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‘Where the Lord Would Be’

Catholic Health Association Leader Speaks on Collaboration With Rome

BY TOM MCFEELY

CONTRIBUTING EDITOR

May 4-10, 2008 Issue | Posted 4/29/08 at 3:04 PM

 

WASHINGTON — Last year, Modern Healthcare magazine named Sister Carol Keehan, president of the Catholic Health Association, the most powerful person in American healthcare.

Sister Carol is a strong believer in the power of collaboration between Catholic healthcare institutions, the Vatican, and the United States Conference of Catholic Bishops, when it comes to dealing with difficult questions of medical ethics.

Sister Carol, a member of the Daughters of Charity, spoke April 3 with Contributing Editor Tom McFeely about this collaboration, and how it is strengthening the Church’s medical ministry in the United States and elsewhere in the world.


In his 2002 book-length interview “God and The World,” then-Cardinal Ratzinger praised the contribution of American healthcare institutions in working with the Congregation for the Doctrine of the Faith to guide the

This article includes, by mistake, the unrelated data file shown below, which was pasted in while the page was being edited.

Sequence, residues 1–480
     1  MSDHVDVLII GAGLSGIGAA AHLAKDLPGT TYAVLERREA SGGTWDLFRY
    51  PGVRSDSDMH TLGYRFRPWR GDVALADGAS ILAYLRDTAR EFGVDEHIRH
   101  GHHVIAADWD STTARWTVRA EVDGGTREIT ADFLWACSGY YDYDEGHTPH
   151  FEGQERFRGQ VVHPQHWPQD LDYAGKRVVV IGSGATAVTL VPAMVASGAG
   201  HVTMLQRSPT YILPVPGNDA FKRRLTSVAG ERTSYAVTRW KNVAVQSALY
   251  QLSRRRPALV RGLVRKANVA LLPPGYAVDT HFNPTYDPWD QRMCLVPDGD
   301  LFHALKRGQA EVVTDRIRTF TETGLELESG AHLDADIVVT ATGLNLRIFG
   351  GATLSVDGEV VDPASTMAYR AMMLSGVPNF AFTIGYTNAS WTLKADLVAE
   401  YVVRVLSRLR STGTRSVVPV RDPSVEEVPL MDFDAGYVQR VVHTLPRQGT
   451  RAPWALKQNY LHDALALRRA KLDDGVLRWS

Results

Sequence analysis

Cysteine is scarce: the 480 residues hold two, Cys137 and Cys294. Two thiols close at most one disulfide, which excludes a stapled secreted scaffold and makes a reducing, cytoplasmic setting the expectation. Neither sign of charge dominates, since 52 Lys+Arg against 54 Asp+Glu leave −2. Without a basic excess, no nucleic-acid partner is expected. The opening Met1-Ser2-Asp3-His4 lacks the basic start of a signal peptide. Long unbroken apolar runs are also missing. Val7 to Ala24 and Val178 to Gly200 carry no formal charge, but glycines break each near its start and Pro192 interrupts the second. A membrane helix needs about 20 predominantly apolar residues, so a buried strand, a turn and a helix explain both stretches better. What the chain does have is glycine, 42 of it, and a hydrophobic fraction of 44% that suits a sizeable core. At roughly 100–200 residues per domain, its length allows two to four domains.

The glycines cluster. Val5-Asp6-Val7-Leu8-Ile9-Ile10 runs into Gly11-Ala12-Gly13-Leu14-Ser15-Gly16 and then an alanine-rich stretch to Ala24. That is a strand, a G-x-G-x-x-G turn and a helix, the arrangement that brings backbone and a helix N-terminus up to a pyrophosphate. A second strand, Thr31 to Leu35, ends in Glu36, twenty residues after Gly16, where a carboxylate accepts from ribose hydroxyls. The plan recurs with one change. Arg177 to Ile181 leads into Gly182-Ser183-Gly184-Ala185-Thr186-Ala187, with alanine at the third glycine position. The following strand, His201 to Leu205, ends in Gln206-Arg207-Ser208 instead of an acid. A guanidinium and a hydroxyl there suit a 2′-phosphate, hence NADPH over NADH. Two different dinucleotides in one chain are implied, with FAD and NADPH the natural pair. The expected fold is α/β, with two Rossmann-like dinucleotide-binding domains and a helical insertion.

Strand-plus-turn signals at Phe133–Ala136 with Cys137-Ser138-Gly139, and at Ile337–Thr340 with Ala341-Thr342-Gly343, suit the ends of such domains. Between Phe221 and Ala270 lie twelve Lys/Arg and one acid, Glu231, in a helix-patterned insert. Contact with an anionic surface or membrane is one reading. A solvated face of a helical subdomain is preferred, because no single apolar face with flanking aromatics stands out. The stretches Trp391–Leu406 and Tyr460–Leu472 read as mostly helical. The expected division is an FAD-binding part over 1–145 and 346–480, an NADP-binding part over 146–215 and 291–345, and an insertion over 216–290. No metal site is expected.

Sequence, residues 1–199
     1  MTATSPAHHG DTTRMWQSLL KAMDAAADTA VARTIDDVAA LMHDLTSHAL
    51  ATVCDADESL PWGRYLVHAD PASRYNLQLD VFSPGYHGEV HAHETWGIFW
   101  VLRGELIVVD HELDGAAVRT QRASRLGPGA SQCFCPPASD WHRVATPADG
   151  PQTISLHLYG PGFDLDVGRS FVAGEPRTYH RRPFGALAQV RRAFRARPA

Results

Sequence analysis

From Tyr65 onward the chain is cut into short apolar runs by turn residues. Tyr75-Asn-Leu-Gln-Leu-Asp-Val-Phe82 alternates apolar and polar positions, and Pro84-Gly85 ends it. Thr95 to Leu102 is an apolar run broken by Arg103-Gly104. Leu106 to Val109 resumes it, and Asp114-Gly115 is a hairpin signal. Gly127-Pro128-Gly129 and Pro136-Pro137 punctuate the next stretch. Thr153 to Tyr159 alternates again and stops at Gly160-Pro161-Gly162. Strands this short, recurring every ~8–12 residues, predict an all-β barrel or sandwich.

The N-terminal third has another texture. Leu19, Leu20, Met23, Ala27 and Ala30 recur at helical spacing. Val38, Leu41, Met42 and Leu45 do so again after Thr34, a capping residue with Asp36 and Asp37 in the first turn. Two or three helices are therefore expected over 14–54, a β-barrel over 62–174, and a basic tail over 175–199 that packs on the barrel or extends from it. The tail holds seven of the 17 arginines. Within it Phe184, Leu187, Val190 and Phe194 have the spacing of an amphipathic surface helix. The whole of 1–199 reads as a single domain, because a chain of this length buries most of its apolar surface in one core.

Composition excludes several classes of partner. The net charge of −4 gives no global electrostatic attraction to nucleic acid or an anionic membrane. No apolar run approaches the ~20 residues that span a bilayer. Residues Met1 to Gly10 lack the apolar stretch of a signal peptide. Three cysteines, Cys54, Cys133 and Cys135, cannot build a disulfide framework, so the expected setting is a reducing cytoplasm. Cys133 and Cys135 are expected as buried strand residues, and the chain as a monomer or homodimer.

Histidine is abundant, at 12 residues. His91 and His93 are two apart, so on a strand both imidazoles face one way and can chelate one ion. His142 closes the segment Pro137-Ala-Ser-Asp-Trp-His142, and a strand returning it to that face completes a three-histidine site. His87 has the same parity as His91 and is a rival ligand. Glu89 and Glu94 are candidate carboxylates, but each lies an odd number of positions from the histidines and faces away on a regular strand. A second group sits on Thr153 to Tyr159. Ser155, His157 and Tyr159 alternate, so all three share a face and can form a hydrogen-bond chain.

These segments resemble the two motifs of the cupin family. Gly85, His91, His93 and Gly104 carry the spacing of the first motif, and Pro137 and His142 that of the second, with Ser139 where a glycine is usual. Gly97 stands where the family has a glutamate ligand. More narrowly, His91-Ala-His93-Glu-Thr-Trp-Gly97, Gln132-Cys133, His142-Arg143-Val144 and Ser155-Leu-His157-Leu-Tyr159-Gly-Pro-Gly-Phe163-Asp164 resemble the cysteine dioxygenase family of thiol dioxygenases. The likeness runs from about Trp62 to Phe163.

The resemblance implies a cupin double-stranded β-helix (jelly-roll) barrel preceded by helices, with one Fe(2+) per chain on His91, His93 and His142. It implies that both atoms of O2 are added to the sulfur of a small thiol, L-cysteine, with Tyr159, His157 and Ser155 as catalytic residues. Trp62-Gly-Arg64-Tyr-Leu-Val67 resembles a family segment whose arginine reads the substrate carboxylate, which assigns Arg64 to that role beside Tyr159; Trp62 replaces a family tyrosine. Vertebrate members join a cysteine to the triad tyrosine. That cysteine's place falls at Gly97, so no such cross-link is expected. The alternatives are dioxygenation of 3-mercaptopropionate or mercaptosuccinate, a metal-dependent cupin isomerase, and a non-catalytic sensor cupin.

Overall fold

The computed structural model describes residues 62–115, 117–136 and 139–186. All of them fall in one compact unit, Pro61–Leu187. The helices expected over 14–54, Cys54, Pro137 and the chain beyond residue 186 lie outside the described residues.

Church in addressing emerging questions of medical ethics. How does this collaboration take place?

I would say that he, and the Congregation for the Doctrine of the Faith, have been superb at really doing that.

Superb at getting clinical input and understanding not only the ethical principles but the clinical issues as they make decisions. They’ve been wonderful about that.


In your experience of this process of collaboration between the Vatican and American Catholic healthcare institutions, what are some of the issues that have been addressed?

The U.S. Conference of Catholic Bishops works closely with CHA, and we tend to be the convener of ethicists and clinicians from around the country, and sort of the interface with the USCCB to look at issues.

For instance, to look at the issue of nutrition and hydration, because there are a lot of people in the press who decided that they speak for the Vatican, or say, “This is what the Vatican meant by what the Vatican said.”